Even the house plants and containers on my front deck, below, are blah. That area’s not so very sunny either (facing east, under huge trees), and — would you believe — the deer come up there when I’m not home. The nerve.
I visited a friend in Shelter Island last Sunday who has, by my standards, an abundance of sun, and was sooooooo jealous of her coneflowers, below, and butterfly weed, and lots of other stuff.
- I can limb up or even remove some big trees to create more sun, but I’ve already taken down 5 or 6 huge oaks, and many of the ones that shade my property don’t belong to me anyway.
- I can sell my house and buy another one on a sunnier piece of property, but that seems rather extreme.
- I can rent a 20′x20′ patch at a community garden a few miles away, well-fenced and in full, all-day sun, and even grow vegetables. Maybe next year; it’s only $175 a season.
- I can embrace the color green. It is serene and beautiful, and I’m doing the best I can with varying shades and shapes of foliage, but that’s never going to be totally satisfying.
- I can get a deer fence, finally, and that I am definitely going to do this fall.
Meanwhile, I’ve got a lot of rocks to play with.
THINGS ARE SO GREEN AROUND HERE after a couple of days of heavy rain… well, all that’s missing is the serpent.
I can’t stop taking iPhone snaps of my humble Long Island half-acre, from so many angles you’d think it was the Parthenon. Top, what looks to my eye like a classic border, with the requisite curving path and conical evergreen for structure. The perennial cranesbill geranium is flowering as never before, thanks to a free hand with the Deer-Out. Mustn’t relax my vigilance, especially after such a deluge — which washes the repellent away, despite what the label says. The deer are wily creatures.
See the results of yesterday’s photography walk below:
Plenty of free parking
A new view of my place, from the next door neighbor’s yard. Looks rather sweet from their POV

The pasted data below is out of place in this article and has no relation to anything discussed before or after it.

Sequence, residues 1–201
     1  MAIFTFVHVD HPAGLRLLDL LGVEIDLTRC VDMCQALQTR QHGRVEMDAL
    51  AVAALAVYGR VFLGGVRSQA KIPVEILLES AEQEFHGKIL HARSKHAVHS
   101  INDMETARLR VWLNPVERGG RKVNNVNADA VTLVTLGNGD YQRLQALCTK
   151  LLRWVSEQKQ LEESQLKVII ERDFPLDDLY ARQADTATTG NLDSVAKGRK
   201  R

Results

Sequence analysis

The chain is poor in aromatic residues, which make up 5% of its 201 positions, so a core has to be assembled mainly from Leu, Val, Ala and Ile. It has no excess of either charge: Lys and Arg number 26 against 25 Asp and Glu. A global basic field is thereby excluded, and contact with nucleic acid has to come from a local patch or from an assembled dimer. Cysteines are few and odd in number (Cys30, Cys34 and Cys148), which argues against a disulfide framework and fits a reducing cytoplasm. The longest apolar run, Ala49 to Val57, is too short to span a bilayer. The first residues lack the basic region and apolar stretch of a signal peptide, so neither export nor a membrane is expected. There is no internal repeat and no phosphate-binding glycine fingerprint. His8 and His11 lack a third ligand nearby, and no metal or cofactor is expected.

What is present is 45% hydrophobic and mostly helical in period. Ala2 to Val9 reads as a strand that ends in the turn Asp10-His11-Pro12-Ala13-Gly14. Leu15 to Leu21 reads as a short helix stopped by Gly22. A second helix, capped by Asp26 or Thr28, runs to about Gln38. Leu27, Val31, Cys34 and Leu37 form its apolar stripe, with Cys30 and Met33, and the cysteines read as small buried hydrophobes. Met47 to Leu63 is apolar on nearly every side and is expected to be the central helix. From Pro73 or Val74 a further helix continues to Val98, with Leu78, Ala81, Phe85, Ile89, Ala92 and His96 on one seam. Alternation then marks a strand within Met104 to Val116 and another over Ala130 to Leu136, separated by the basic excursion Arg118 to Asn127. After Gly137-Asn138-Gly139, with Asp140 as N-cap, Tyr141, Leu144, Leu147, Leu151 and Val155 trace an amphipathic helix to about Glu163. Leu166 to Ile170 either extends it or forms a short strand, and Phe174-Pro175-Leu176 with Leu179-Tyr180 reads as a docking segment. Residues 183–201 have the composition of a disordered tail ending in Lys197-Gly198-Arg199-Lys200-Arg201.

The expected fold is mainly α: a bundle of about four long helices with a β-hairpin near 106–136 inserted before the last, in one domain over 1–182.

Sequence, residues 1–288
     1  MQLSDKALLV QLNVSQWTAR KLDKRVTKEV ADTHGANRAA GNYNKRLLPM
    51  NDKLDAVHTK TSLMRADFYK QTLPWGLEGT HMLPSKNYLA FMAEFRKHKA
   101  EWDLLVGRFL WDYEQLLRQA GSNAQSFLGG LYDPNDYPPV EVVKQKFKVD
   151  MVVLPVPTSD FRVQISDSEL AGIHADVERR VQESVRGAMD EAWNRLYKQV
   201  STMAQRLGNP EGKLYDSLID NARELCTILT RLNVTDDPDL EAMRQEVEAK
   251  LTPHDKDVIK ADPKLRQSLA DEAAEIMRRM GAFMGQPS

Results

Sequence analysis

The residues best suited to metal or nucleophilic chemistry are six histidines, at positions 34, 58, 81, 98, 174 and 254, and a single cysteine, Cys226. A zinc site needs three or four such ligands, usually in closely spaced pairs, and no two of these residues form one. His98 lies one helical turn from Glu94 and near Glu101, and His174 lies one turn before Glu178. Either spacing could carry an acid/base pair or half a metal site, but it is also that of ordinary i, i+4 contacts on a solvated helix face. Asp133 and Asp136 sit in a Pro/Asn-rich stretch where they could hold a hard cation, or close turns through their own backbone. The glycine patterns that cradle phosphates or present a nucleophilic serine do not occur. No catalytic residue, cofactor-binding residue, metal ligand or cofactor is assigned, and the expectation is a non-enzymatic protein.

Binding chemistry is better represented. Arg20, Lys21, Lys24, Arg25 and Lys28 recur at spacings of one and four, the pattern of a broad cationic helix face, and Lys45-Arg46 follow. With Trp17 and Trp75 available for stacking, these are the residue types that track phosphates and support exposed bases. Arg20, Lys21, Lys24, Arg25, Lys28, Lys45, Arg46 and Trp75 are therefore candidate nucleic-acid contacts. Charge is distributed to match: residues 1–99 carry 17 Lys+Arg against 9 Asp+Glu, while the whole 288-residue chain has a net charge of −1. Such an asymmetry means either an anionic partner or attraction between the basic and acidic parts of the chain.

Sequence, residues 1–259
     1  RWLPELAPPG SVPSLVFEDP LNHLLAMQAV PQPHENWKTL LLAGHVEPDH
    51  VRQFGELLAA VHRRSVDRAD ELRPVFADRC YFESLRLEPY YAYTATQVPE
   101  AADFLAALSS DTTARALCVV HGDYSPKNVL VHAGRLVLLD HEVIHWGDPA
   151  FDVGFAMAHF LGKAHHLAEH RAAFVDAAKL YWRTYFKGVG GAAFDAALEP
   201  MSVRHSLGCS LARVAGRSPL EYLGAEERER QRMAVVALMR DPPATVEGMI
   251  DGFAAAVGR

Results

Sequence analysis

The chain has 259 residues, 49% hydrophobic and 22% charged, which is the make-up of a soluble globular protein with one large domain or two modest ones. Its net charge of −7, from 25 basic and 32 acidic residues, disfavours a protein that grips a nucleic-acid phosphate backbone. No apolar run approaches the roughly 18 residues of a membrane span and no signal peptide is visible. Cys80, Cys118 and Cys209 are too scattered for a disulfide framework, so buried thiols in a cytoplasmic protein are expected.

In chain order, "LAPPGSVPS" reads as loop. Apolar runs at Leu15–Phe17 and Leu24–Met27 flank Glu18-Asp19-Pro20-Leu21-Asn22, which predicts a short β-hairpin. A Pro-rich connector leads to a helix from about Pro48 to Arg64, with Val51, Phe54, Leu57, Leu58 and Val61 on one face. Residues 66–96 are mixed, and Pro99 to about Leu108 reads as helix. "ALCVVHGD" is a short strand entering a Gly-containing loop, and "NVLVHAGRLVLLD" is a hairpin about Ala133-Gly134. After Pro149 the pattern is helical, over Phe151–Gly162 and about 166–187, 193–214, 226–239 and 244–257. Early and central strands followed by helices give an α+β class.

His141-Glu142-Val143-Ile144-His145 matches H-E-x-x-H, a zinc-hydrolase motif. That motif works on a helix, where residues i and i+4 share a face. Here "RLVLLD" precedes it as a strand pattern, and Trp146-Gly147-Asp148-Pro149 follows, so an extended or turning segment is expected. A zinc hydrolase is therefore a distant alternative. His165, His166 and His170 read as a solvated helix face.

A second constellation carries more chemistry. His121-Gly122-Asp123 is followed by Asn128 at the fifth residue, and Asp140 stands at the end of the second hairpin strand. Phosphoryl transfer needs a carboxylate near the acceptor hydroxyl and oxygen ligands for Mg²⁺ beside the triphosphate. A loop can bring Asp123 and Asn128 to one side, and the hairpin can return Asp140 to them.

Above, not my shed. I had gone next door to check out theirs. I’m planning a shed myself, for garden tools and equipment. It won’t be as elaborate as this one. This is practically a guest cottage; if I had such a structure, I’d use it for more than bike and junk storage.
Above, the area where I’ll be putting the shed
Lilies of the valley and May apples at the rear of the property. I’ve helped them out a bit by clearing garlic mustard from this area.
Above, a peony, one of two I planted three years ago, finally asserting itself, maybe to bloom a few years hence.
Something I like: a variegated pieris putting out colorful foliage.
Planted three weigela ‘Bristol Ruby’ by the roadside — still working on that ‘tapestry hedge’ for screening in a light-challenged, deer-challenged area
Dead boxwood and other yard waste, ready for the dump
That delicate sweet woodruff, a flowering groundcover so charming in a shady Brooklyn backyard, became thuggish in this area under the magnolia. I ripped it out by the fistful to prevent it taking over the pulmonaria (spotted leaves, lower right)
Been moving things around… the Korean boxwood just arrived in this corner from nearer the front, where it was outgrowing its space
All is freshened up by the long, much-needed shower. Sun breaking through!